Thursday, August 24, 2017

Open Space: It’s time for some fresh blood in BC’s provincial office

March 20, 2017 by Mason Hendricks, web editor

With all the exciting events taking place across the world recently, we Canadians often forget that we have our own issues to deal with right here in the great white north. For example, our federal and provincial politicians must be held accountable for their actions, and British Columbia’s governing party is long overdue for some scrutiny.

BC premier Christy Clark’s tenure has been flooded with scandals and conflicts of interest. Clark and her government officials have been known in the past to adhere to a “triple delete policy,” in which important records and emails are completely erased, preventing journalists from getting information from Clark’s party. Ontario Liberal party executive Laura Miller was forced to resign after she was charged with three counts of destruction of information. Clark, however, still continues to defend Miller as a “person of integrity.” Miller was even given the position of the BC Liberal campaign chief for the 2017 provincial elections, despite facing criminal charges back in Ontario.

BC premier Christy Clark (photo provided).

But it’s not just deleted emails and records that shine a suspicious light on Clark. Until earlier this year, she was receiving a $50,000 stipend directly from the Liberal party on top of her annual $195,000 salary. This stipend is paid for by party donations; it has been alleged that Kinder Morgan (the company behind the recently green-lit pipeline project running from Alberta to the shores of Vancouver) contributed $550,000 to the BC Liberal party, a transaction that has been described as “legalized bribery” by advocacy groups.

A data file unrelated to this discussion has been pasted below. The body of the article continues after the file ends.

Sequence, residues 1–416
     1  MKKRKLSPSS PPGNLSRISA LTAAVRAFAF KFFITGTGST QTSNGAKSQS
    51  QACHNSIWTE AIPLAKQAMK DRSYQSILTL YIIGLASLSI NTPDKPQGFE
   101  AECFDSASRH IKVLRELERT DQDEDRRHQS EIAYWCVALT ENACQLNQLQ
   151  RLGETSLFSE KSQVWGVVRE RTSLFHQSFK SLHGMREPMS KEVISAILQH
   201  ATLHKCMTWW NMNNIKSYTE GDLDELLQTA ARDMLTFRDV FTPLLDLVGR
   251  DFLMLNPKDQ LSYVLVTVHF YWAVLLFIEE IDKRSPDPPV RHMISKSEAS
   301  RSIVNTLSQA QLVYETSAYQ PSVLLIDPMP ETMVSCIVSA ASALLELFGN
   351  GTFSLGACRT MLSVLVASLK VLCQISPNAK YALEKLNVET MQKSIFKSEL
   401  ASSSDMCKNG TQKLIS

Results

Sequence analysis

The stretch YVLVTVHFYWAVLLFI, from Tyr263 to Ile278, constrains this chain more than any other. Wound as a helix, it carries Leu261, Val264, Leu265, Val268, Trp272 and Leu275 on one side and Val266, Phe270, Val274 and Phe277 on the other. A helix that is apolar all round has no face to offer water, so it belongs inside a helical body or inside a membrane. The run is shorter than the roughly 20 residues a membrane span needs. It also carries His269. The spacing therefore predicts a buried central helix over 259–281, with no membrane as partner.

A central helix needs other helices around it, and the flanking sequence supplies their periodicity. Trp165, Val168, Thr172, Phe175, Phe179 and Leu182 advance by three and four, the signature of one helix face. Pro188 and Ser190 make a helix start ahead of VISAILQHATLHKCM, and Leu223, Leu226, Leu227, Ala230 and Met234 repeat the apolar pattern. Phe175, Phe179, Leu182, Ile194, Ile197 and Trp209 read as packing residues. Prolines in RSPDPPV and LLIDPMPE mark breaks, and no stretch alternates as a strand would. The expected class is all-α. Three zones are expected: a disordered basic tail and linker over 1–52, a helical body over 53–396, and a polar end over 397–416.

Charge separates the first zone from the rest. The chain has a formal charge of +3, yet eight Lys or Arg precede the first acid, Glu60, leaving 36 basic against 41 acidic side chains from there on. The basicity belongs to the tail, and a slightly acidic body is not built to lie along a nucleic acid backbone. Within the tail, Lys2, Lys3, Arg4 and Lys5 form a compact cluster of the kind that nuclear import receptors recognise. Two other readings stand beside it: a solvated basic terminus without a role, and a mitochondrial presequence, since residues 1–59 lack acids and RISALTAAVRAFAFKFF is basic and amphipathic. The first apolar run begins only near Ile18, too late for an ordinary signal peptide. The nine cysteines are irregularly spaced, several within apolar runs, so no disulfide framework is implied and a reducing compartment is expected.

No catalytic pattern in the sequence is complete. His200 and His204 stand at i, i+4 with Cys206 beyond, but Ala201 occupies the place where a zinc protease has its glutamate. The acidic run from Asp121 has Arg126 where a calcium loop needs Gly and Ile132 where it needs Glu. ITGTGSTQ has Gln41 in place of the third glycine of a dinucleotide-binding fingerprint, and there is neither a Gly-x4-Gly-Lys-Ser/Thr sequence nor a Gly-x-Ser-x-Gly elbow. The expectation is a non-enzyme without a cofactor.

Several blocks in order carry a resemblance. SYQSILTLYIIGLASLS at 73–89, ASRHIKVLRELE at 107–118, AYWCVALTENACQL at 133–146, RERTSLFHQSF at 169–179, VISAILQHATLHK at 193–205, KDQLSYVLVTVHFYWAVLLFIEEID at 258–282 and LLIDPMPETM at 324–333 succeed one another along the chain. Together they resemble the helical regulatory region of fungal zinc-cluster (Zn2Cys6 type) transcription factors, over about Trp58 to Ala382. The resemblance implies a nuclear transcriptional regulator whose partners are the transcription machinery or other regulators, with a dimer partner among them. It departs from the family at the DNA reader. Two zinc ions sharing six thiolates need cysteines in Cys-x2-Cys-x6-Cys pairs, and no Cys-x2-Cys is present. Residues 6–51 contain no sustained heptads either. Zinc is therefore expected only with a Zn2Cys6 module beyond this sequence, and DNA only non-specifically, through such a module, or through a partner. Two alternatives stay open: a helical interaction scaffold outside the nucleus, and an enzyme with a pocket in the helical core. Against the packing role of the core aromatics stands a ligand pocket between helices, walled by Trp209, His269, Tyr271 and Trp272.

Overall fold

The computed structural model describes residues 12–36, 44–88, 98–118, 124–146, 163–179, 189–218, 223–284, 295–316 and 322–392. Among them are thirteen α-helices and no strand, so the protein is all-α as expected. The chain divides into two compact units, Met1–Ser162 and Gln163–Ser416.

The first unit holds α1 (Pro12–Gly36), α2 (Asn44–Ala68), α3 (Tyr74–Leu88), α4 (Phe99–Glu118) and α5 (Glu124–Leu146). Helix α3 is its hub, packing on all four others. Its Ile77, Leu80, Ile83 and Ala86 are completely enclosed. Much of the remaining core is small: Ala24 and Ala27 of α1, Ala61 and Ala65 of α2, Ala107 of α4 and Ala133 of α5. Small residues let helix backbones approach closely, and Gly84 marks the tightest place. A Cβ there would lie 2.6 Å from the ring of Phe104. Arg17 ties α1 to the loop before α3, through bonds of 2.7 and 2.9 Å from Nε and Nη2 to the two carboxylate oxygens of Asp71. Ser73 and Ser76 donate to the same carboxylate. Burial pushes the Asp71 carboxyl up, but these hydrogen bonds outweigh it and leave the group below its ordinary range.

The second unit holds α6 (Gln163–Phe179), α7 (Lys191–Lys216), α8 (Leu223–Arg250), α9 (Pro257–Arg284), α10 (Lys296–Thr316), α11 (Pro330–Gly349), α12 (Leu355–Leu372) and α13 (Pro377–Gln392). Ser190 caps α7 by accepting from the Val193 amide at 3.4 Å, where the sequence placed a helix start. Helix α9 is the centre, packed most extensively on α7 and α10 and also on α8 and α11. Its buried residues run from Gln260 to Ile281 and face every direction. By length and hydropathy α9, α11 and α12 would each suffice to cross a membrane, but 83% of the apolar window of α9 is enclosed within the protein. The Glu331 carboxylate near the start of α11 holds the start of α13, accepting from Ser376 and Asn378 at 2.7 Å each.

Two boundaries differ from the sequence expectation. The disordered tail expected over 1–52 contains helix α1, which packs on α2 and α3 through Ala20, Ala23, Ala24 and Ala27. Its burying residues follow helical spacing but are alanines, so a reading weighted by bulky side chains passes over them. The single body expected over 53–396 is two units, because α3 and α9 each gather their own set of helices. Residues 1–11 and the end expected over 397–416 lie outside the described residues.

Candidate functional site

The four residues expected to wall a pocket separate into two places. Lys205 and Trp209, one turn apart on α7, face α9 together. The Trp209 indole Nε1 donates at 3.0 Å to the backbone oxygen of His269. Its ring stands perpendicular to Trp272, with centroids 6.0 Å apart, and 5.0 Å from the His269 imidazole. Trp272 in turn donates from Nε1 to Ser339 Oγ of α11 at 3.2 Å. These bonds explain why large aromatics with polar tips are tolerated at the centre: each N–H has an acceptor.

The BC Liberal party is actually being investigated right now by Elections BC over their possibly fraudulent fundraising practices. Ironically, BC’s conflict of interest commissioner Paul Fraser (whose son works for the Liberals) has ruled twice that the donation-funded stipend, which Clark had been receiving, does not constitute a conflict of interest, although, as critics have mentioned, the commissioner’s son also happens to work for Clark’s government, which would itself appear to represent another conflict of interest.

Rampant corruption and lack of ethics aside, environmentalists have also found themselves at odds with Clark’s government on issues ranging from soil contamination at Shawnigan Lake to the construction of BC Hydro’s proposed Site C dam in the Peace River region of northeastern BC.

Then there’s the provincial government’s support for grizzly bear trophy hunting, which on average kills between 300 to 400 grizzlies a year. Even the European Union has made an assessment of BC’s grizzly bear situation, deciding to temporarily suspend all grizzly bear imports from British Columbia in order to allow the bear populations on the west coast of Canada to replenish their numbers. The Liberal party has essentially followed in Harper’s footsteps in regards to environmental policies and their disregard for public opinion.

Watching elected civil servants behave as though they are above the law is upsetting. It’s time for some fresh blood in the provincial government, in the form of a premier who actually listens and responds to the grievances of their citizens. Perhaps the Green Party or the NDP can muster together a decent candidate with a chance of unseating Clark in BC’s May election. If that’s not the case and Clark remains in office, we’ll see a continuation of her party’s blatant disregard for ethics, apparent conflicts of interest, and environmental apathy.

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Comments

2 Responses to “Open Space: It’s time for some fresh blood in BC’s provincial office”
  1. Brent Teebo says:

    PLEASE PLEASE PLEASE no more CC She’s a stale embarrassment not to mention a crook, a phony and a con artist who works really hard for the fat cat corporations. We the people of BC deserve way better and demand way better.

  2. Patrick Newman says:

    I wholeheartedly agree. Whomever wants to unseat Clark and Co. however, has a long road ahead of them. The biggest issue is connecting with the people outside of the Lower Mainland and Vancouver Island, areas that tend to swing conservatively and rely on work in the resource based sectors. In order to win them over, they will need to be reminded of the many failed promises of the Liberals and offered solutions to traditional hinterland economics.

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